Before Covid, Urban Schools Were Already In Trouble
Public education has certainly been impacted by the Covid-19 crisis. While distance learning works for many, the majority of students who struggled with remote learning were poor minorities. Now that vaccines are available, the hope is that our schools, at least, can return to normal.
Let’s talk about the elephant in the room. What do we do to help all of the poor minority students that have fallen even further behind? Most urban school districts were facing significant challenges before Covid arrived. In most large cities, only 1 in 4 students (or less) tested to grade-level proficiency in math and reading before the pandemic. What can a district do to reverse the impact of Covid while trying to increase math and reading proficiency across the board? The main factor working against school districts, in general, is time. The school year is still 180 days long, so where do our schools find the extra time.
American students are at a disadvantage when it comes to education. The United States has the shortest school year of any developed nation. When we look at the top-performing countries with the lowest high school dropout rates, all have year-round schooling. Take Japan as an example. The Japanese have year-round schooling. Their high school dropout rate is at 1.4%. Year-round schooling offers our kids more time to learn the same material. The long summer breaks enjoyed by American students come at a high cost: lower grade-level proficiency and higher dropout rates. Most modern education standards such as Common Core are derived, in part, from international learning standards; standards that American students have less time to meet.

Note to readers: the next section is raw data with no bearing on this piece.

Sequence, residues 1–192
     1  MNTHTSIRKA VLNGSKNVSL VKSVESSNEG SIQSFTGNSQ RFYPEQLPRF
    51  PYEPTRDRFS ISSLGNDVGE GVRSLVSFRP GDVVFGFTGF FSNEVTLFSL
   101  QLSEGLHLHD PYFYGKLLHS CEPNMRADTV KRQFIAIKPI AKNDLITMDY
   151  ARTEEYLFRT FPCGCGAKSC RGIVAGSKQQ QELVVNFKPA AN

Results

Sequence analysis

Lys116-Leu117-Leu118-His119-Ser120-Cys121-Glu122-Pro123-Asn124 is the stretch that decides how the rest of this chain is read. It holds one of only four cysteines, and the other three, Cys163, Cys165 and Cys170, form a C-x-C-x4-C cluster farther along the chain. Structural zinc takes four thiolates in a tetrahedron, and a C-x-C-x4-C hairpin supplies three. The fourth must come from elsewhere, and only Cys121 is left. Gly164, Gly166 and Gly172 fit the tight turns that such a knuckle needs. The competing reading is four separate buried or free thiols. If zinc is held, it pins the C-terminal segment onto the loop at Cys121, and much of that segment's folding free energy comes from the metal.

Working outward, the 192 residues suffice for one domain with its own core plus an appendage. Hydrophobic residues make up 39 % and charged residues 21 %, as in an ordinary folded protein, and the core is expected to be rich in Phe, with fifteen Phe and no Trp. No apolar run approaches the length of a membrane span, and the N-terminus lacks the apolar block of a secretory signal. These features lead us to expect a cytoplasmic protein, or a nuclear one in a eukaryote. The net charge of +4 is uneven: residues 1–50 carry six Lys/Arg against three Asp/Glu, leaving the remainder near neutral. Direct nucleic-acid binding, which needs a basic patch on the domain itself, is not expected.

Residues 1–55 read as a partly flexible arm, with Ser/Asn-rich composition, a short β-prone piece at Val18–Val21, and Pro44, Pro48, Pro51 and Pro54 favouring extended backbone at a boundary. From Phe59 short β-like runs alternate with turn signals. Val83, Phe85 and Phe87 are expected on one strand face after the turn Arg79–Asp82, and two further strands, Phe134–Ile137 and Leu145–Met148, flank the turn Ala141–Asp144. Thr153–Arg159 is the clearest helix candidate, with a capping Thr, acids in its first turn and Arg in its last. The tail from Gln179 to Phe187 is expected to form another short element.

Data shows that year-long learning is proven to increase grade-level proficiency and reduce high school dropout rates to single digits. But, with all the funding challenges in public education and resistance from school unions, it is not likely that American public schools will adopt universal year-round learning anytime soon. Paul Lott, the President & Founder of the National Society for the Advancement of Black Americans (NSABA) thinks a private option is viable. The NSABA will be introducing its Summer Essentials Academy (SEA) program in four cities this summer. SEA is a 10-week full-day learning program targeted to help students increase core proficiency in math and reading during school summer vacation.
According to several national studies, the #1 reason students drop out of high school is that they are too far behind to catch up. Early intervention is critical, but teachers in low proficiency schools are already overwhelmed. Most of these kids will never get the kind of help they need early enough to prevent dropout. Even if a student stays in school, most students who test below grade-level in math and reading still graduate. More than 60 percent of twelfth-grade students scored below the proficient level in reading achievement, and 27 percent scored below the basic level in reading. This means that a staggering number of graduating seniors do not even have partial mastery of the appropriate grade-level knowledge and skills. For example, Baltimore Public Schools have a 70.3% graduation rate, but only a 17% proficiency in math and reading. Closing that gap is critical to the long-term success of these students.
Summer Essentials Academy uses summer learning to reinforce core math and reading proficiency. Summer Essentials support public education by using the summer months give underperforming students targeted help in the skills they will need for long-term academic and life success.
As funding allows, the NSABA will expand its summer program to as many cities as possible. The goal is to make year-round schooling the standard across the country. For the summer of 2021, NSABA will kick-off programs in Philadelphia, Harrisburg, and Wilkes-Barre in the Commonwealth of Pennsylvania. The program will expand to other states next year.
The NSABA is an IRS 501(c)3 charity. We focus on issues of poverty and education in communities with minority poverty clusters.
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Contact: Paul K. Lott, Sr., firstname.lastname@example.org